DateTime.MinValue – be careful!

We’ve just had a support call at work where the user was running our application in Singapore.

Our investigation uncovered an interesting “feature” of using DateTime.MinValue.

Have a look at the following test:

namespace Stuff
{
    using System;
    using NUnit.Framework;

    [TestFixture]
    public class MinDateTimeOffset
    {
        [Test]
        public void Testing_MinValue_in_DateTime()
        {
            Action<string> p = Console.WriteLine;

            // This is Now in the current timezone
            var nowOffset = new DateTimeOffset(DateTime.Now);
            p("Current time:");
            p("- current timezone: " + nowOffset);
            p("- UTC equivilent time: " + nowOffset.ToUniversalTime());
            p("");

            // This is the minimum time allowed in the current timezone
            var minOffset = DateTimeOffset.MinValue;
            p("DateTimeOffset.MinValue:");
            p("- current timezone: " + minOffset);
            p("- UTC equivilent time: " + minOffset.ToUniversalTime());
            p("");

            // This is UTC minimum time
            var minValue = DateTime.MinValue;
            p("DateTime.MinValue:");
            p("- current timezone: " + minValue);
            p("- UTC equivilent time: " + minValue.ToUniversalTime());
            p("");

            // Converted to the current timezone
            try
            {
                p("Trying to cast DateTime.Min to DateTimeOffset:");

                var minDateTimeAsDateTimeOffset = (DateTimeOffset)minValue;
                p("- current timezone: " + minDateTimeAsDateTimeOffset);
                p("- UTC equivilent time: " + minDateTimeAsDateTimeOffset.ToUniversalTime());
            }
            catch (Exception ex)
            {
                p("Error: " + ex.Message);
            }
        }
    }
}

We are based in London, and when we run it, we see this output:


Current time:
- current timezone: 31/10/2012 11:46:35 +00:00
- UTC equivilent time: 31/10/2012 11:46:35 +00:00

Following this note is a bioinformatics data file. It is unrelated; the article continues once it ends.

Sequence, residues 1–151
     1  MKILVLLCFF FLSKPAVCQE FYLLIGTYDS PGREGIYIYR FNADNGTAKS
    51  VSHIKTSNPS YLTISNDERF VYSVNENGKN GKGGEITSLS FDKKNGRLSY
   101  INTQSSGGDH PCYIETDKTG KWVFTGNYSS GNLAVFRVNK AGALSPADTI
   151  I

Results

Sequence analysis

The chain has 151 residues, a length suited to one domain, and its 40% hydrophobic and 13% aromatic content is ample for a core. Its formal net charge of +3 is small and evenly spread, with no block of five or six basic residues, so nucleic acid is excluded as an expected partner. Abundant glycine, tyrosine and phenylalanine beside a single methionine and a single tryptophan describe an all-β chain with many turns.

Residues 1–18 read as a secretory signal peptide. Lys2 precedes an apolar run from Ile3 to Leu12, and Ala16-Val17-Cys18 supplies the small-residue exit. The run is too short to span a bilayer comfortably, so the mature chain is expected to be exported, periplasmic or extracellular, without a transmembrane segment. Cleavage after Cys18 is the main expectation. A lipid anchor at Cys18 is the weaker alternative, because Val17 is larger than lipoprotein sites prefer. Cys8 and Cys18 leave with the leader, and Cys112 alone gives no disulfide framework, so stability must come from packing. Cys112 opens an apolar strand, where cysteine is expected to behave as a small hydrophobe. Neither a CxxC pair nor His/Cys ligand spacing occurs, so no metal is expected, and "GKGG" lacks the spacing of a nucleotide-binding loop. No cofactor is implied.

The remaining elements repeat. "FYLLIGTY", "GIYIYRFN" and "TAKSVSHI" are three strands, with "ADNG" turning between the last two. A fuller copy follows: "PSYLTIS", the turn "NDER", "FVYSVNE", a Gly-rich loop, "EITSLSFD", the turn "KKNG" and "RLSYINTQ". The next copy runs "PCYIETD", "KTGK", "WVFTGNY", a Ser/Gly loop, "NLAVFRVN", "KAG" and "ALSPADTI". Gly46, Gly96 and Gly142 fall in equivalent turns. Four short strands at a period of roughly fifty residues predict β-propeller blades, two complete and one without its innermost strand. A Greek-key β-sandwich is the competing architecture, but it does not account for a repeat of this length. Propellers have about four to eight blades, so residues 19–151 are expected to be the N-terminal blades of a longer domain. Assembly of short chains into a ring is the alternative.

DateTimeOffset.MinValue:
- current timezone: 01/01/0001 00:00:00 +00:00
- UTC equivilent time: 01/01/0001 00:00:00 +00:00

DateTime.MinValue:
- current timezone: 01/01/0001 00:00:00
- UTC equivilent time: 01/01/0001 00:00:00

Trying to cast DateTime.Min to DateTimeOffset:
- current timezone: 01/01/0001 00:00:00 +00:00
- UTC equivilent time: 01/01/0001 00:00:00 +00:00

However, when run in Singapore, you get this:

Current time:
- current timezone: 31/10/2012 19:47:38 +08:00
- UTC equivilent time: 31/10/2012 11:47:38 +00:00

DateTimeOffset.MinValue:
- current timezone: 01/01/0001 00:00:00 +00:00
- UTC equivilent time: 01/01/0001 00:00:00 +00:00

DateTime.MinValue:
- current timezone: 01/01/0001 00:00:00
- UTC equivilent time: 01/01/0001 00:00:00

Trying to cast DateTime.Min to DateTimeOffset:
Error: The UTC time represented when the offset is applied must be between year 0 and 10,000.
Parameter name: offset

In New York, you get this :

Current time:
- current timezone: 31/10/2012 07:48:50 -04:00
- UTC equivilent time: 31/10/2012 11:48:50 +00:00

DateTimeOffset.MinValue:
- current timezone: 01/01/0001 00:00:00 +00:00
- UTC equivilent time: 01/01/0001 00:00:00 +00:00

DateTime.MinValue:
- current timezone: 01/01/0001 00:00:00
- UTC equivilent time: 01/01/0001 05:00:00

Trying to cast DateTime.Min to DateTimeOffset:
- current timezone: 01/01/0001 00:00:00 -05:00
- UTC equivilent time: 01/01/0001 05:00:00 +00:00

The value of DateTime.MinValue can not be cast to a DateTimeOffset if you are east of London!

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It’s all about TypeScript

I’ve heard several of my friends talking about a new pretender on the block called TypeScript. It’s a language that sits as a superset of  JavaScript, adding static typing, interfaces, classes and more.

As a C# .Net developer, I was very interested to read about what it’s like from a similar point of view. Thankfully, Dave Hanson (@LordHanson) has blogged about a little experimental app he had a go with. Check it out here:

“Cracking a problem with TypeScript”

It looks we all (.Net devs) might be heading in that direction and Microsoft realise that it’ll need to bridge the gap. Looks like a good start. I’m almost excited about coding for the browser again.

Simple Sequences

It’s always interesting coming to a new codebase.

Often you find things that are done in a different way than perhaps you would code it. If you’re lucky, you might find things that are done in a better way than you might have seen before.